May 20, 2024
Fulton County District Attorney Fani Willis is pursuing testimony from former House Speaker Newt Gingrich, former national security adviser Michael Flynn, and others.

Fulton County District Attorney Fani Willis is pursuing testimony from former House Speaker Newt Gingrich, former national security adviser Michael Flynn, and others.

In court petitions for their testimony filed Friday, the Georgia district attorney argued these allies of former President Donald Trump could have valuable information for the investigation into whether crimes were committed in efforts to overturn the results after the 2020 election. The prosecutor is seeking their testimony after the midterm elections.

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Fulton County Superior Court Judge Robert McBurney signed off on the requests for testimony, agreeing that the witnesses could provide valuable insights to the investigation, the Associated Press reported.

In her petition for testimony from Gingrich, Willis referenced evidence from the Jan. 6 committee. She cited an email he sent to Trump allies discussing a plan to “arouse the country’s anger” over the 2020 election.

Flynn Gingrich
Fulton County prosecutors reportedly want testimony from Michael Flynn and Newt Gingrich.
(AP Photos)

Willis also claimed he was involved in the alternative electors scheme, in which individuals presented themselves as electors to be called upon in the event that a court deemed Trump the winner. Several Trump allies used the existence of the alternative electors as justification to pressure former Vice President Mike Pence into decertifying the 2020 election results.

For Flynn, Willis noted his appearance on Newsmax after the election in which he mused that Trump could tap U.S. “military capabilities” to “re-run an election in each of those states.” Flynn also participated in meetings with Trump lawyer Sidney Powell, whom Willis petitioned for testimony in August.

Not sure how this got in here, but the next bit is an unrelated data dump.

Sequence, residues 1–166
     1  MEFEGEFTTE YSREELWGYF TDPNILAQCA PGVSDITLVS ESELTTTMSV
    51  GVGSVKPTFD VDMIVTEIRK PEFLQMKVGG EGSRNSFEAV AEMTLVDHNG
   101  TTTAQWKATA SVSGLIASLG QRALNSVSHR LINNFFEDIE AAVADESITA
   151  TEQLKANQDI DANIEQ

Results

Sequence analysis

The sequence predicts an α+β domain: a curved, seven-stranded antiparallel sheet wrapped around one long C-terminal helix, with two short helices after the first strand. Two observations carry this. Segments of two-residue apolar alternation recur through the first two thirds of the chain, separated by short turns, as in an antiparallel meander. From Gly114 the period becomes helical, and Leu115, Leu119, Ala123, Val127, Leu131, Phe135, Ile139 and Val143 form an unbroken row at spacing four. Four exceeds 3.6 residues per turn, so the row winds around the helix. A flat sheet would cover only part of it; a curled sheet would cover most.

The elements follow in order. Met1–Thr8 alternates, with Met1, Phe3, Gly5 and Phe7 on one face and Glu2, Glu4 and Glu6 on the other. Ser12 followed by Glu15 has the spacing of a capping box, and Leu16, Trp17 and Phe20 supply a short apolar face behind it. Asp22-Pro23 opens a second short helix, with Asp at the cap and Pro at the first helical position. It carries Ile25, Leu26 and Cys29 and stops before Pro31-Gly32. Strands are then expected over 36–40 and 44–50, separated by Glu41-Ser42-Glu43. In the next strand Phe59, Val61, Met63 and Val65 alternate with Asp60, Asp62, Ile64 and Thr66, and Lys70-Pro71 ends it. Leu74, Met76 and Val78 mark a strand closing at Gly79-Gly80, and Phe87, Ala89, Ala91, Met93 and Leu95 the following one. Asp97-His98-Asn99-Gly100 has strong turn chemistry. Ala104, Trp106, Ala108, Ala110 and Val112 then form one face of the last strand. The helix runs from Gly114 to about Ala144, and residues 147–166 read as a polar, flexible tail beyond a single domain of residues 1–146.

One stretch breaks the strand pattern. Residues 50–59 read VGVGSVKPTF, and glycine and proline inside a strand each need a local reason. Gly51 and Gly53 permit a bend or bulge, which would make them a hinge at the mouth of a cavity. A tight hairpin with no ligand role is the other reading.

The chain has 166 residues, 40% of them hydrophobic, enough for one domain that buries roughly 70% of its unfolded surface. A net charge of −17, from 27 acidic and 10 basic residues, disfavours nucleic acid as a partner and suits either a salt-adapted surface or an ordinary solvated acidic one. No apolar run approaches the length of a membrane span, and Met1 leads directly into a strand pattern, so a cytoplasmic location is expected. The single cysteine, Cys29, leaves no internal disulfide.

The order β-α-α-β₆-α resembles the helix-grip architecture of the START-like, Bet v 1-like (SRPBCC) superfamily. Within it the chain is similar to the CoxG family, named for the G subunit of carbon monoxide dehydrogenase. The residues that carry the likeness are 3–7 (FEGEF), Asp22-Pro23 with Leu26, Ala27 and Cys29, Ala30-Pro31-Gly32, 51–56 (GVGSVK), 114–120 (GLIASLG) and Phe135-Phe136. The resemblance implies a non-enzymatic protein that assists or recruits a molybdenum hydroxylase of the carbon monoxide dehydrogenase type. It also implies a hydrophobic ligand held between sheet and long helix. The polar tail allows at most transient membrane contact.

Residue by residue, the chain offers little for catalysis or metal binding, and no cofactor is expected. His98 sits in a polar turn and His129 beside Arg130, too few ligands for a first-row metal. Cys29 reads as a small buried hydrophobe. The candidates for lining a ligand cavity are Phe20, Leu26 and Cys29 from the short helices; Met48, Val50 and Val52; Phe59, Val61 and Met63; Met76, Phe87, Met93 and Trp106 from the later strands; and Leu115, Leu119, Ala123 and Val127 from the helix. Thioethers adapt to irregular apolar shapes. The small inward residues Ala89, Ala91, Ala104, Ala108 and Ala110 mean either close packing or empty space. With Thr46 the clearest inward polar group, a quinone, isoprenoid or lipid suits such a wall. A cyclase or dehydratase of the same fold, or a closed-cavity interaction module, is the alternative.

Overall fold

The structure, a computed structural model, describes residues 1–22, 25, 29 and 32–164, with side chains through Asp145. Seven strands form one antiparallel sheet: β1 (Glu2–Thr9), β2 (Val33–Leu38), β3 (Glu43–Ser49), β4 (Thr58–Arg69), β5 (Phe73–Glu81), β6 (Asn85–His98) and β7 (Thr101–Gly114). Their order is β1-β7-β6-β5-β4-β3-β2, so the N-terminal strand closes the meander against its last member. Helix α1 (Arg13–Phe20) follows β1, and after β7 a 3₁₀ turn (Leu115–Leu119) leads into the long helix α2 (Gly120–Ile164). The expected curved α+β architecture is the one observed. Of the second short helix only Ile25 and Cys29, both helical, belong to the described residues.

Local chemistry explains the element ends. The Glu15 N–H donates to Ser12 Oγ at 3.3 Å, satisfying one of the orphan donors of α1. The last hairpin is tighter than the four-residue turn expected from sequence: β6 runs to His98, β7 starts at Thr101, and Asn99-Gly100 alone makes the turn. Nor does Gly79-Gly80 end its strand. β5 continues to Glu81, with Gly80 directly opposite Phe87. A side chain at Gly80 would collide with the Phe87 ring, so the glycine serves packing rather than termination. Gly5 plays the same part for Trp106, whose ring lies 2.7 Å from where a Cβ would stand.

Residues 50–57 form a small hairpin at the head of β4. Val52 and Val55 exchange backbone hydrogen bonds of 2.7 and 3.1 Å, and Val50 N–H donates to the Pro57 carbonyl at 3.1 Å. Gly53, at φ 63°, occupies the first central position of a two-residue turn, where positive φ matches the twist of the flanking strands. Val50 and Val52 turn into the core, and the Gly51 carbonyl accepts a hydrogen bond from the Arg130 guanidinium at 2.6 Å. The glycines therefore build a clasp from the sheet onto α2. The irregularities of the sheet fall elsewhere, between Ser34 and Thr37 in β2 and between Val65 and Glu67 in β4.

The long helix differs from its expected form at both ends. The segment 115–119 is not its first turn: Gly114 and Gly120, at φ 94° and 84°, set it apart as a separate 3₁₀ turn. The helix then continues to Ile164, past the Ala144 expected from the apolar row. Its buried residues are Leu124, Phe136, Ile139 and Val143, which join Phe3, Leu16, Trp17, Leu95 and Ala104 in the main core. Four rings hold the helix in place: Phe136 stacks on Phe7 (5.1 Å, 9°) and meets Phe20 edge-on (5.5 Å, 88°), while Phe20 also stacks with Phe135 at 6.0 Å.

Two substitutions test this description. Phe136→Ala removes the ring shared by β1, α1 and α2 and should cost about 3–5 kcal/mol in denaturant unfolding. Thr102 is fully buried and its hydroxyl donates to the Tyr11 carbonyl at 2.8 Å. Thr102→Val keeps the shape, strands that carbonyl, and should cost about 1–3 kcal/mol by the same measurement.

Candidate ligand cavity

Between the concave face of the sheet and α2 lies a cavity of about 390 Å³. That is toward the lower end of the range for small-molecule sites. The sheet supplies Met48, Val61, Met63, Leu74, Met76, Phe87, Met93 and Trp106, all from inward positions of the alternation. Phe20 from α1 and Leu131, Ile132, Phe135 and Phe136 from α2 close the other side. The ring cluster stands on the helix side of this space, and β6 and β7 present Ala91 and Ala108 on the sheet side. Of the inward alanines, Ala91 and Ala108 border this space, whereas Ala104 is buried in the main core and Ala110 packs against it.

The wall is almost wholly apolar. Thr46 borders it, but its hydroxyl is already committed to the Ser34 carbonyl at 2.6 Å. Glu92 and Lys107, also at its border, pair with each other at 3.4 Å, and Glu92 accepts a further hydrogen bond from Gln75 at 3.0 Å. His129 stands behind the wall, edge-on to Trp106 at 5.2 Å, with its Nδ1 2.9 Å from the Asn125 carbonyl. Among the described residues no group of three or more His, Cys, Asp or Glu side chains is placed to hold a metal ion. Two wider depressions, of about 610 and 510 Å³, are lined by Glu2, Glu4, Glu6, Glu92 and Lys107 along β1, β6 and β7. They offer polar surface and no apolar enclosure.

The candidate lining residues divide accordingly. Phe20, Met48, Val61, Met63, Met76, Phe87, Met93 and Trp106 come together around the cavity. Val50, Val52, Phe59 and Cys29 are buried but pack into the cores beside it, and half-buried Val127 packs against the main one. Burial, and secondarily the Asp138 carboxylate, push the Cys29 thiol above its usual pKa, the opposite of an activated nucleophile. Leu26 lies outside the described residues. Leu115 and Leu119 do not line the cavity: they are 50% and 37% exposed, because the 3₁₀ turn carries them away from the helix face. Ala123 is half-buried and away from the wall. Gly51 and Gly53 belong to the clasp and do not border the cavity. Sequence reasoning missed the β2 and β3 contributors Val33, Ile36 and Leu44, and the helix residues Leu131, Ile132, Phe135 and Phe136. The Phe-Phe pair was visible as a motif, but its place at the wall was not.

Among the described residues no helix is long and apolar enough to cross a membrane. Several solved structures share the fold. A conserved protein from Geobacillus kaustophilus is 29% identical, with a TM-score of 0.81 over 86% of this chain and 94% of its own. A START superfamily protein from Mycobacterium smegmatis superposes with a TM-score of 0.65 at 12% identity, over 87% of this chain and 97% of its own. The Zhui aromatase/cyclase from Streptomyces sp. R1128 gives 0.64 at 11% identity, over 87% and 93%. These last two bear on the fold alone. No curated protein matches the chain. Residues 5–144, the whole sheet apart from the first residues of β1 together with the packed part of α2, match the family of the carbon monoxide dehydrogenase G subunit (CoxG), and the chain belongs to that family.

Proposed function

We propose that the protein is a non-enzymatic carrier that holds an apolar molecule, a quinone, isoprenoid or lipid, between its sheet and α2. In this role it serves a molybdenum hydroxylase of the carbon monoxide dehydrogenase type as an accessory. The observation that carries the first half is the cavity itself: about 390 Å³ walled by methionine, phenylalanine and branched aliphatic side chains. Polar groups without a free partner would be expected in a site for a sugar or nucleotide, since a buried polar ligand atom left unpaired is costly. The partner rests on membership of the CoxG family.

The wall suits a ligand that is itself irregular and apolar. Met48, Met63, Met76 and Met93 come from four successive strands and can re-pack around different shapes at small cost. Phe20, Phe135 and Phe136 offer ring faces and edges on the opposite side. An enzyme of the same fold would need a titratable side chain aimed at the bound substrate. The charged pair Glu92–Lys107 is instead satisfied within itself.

Former White House lawyer Eric Herschmann, who worked in the Trump administration, was also among the prosecutor’s petitions for testimony.

Willis is reportedly gearing up to wrap up her work after the midterm elections and may begin rolling out indictments in December, sources told CNN. She has also indicated that her inquiry is planning to embark on a quiet period ahead of the midterm elections.

“I think her hands are tied, certainly, until after the midterms,” Michael Moore, former U.S. attorney for the Middle District of Georgia, told the outlet. “She wants to pull some of the politics out of it, so to ensure that the investigation is not forgotten.”

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So far, the Fulton County inquiry has racked up a string of Trump allies for deposition, hearing from Rudy Giuliani, John Eastman, Kenneth Chesebro, and more. Georgia Secretary of State Brad Raffensperger has also delivered testimony to the special grand jury aiding Willis’s investigation.

Willis opened the investigation following audio that surfaced last year in which Trump underscored the need to “find” 11,780 votes to Raffensperger, enough votes to overturn President Joe Biden’s victory in the state. Trump has denied any wrongdoing and disparaged Willis’s inquiry as being yet another political “witch hunt” against him.

Willis has reportedly eyed Racketeer Influenced and Corrupt Organizations charges in her investigation. RICO charges are often used to prosecute gang activity and usually entail charges against several defendants, per CNN.

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